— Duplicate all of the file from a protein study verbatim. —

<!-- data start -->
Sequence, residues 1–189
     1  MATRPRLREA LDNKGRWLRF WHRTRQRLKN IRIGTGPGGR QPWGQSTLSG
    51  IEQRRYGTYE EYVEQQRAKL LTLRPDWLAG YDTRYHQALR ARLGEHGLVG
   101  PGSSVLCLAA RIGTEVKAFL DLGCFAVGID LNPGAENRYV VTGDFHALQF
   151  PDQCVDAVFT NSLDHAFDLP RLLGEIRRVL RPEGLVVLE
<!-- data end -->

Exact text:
Sequence, residues 1–189
     1  MATRPRLREA LDNKGRWLRF WHRTRQRLKN IRIGTGPGGR QPWGQSTLSG
    51  IEQRRYGTYE EYVEQQRAKL LTLRPDWLAG YDTRYHQALR ARLGEHGLVG
   101  PGSSVLCLAA RIGTEVKAFL DLGCFAVGID LNPGAENRYV VTGDFHALQF
   151  PDQCVDAVFT NSLDHAFDLP RLLGEIRRVL RPEGLVVLE